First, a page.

How to Make a Homemade Telescope Using Old Camera Lenses

A zoom lens can be converted into a telescope with some modifications.
••• camera lens isolated image by Falk from

The similarities between telescopes and camera lenses make it possible to use them interchangeably. The differences make it a bit of a challenge to use a telescope as a camera lens, but fortunately, the reverse is not as difficult. Converting a camera lens into a telescope will not allow you to view deep sky objects, but it will work as well as a small telescope for viewing the moon, planets and other close objects.

    Mark the exact center of the rear lens cap using a ruler and drill a 1.5-inch hole.

    Attach the PVC adapter to the lens cap by inserting it into the hole and then gluing it in place using the epoxy. Allow the glue to dry before moving on to the next step.

    Drill a small hole near the end of the PVC adapter. Insert the set screw just enough to hold it in place. This will be used to secure the eyepiece.

    Insert the eyepiece into the adapter and secure it in place by tightening the set screw.

    Attach the lens cap and eyepiece to the zoom lens and attach the zoom lens to the tripod. Focus the lens by manually twisting the lens.

    Things You'll Need

    • Zoom lens with built-in tripod mount
    • Camera tripod
    • Rear lens cap
    • Ruler
    • Drill
    • 1.5-inch PVC pipe adapter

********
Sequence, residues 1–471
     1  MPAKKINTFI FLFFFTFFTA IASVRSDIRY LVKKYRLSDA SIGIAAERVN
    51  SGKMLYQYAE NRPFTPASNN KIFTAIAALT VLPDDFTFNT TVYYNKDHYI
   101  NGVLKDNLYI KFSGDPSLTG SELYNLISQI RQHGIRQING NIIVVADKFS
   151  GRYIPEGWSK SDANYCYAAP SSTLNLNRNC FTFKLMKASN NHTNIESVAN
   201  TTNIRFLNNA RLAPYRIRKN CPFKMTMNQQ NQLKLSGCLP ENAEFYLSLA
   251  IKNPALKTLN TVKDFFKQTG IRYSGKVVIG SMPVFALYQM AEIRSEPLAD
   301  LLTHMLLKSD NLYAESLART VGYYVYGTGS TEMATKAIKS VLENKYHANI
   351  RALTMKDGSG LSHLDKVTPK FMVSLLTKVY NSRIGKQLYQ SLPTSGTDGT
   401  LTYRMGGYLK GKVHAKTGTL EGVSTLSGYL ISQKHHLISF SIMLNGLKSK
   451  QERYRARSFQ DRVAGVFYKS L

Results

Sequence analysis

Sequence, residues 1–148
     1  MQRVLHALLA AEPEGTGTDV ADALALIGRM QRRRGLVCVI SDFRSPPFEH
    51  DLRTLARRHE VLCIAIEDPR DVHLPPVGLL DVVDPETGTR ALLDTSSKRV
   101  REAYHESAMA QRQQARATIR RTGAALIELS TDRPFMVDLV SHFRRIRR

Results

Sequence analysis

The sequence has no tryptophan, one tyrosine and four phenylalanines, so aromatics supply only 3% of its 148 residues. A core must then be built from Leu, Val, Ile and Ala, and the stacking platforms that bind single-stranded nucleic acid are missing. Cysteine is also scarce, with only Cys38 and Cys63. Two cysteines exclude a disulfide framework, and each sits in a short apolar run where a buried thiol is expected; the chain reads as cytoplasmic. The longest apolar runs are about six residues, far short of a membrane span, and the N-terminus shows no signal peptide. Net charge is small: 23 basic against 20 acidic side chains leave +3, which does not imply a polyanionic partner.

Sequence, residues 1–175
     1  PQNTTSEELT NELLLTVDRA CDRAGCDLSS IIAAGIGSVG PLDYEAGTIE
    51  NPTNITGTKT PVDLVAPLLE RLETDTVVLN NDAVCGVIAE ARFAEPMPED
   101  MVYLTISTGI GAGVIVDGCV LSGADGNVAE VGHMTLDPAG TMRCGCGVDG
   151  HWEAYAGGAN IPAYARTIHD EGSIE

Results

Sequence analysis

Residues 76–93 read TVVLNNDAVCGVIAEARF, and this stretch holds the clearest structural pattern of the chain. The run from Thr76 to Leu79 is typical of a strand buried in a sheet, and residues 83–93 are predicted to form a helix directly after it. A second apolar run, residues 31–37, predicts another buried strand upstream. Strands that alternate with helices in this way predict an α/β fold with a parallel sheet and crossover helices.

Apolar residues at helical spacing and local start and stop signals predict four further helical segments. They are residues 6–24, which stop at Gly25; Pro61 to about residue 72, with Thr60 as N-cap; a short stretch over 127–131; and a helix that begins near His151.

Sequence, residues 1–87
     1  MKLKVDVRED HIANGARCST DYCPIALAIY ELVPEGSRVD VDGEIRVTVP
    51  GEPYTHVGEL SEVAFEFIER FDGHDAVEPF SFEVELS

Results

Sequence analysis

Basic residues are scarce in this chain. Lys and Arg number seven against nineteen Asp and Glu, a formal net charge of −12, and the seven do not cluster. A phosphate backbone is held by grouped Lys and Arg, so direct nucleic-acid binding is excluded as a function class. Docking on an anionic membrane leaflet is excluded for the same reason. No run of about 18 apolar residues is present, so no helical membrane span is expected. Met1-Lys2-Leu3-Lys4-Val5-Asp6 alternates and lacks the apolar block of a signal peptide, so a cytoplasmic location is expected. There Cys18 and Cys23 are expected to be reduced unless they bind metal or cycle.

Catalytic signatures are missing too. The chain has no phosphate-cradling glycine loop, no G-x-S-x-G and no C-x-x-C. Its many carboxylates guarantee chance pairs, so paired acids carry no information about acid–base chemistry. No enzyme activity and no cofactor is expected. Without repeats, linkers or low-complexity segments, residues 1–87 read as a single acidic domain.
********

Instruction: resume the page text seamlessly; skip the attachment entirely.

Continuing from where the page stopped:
• Epoxy
    • Set screw
    • Telescope eyepiece


    • Different sizes of zoom lenses will be better for different things. A 200mm lens will give good views of the moon, while a 600mm lens will give great views of craters and some of the planets.

      If the focus or magnification is insufficient, adjust the space between the lens and the eyepiece by loosening the set screw and moving the eyepiece back and forth.

      You can use different eyepieces to get better pictures or view more distant objects. Diagonals work well for viewing deeper objects.


    • If the eyepiece is not placed in the center of the lens cap, you will not be able to focus properly. Measure carefully before drilling.


About the Author

Mike Goldstein has been writing since 2005 and has been published in "Science" and Boston College's "Intellectual Property and Technology Forum Law Review." He studied Shakespeare at Rutgers University, pursuing a Bachelor of Arts in English literature. Music and photography are two of his specialties.

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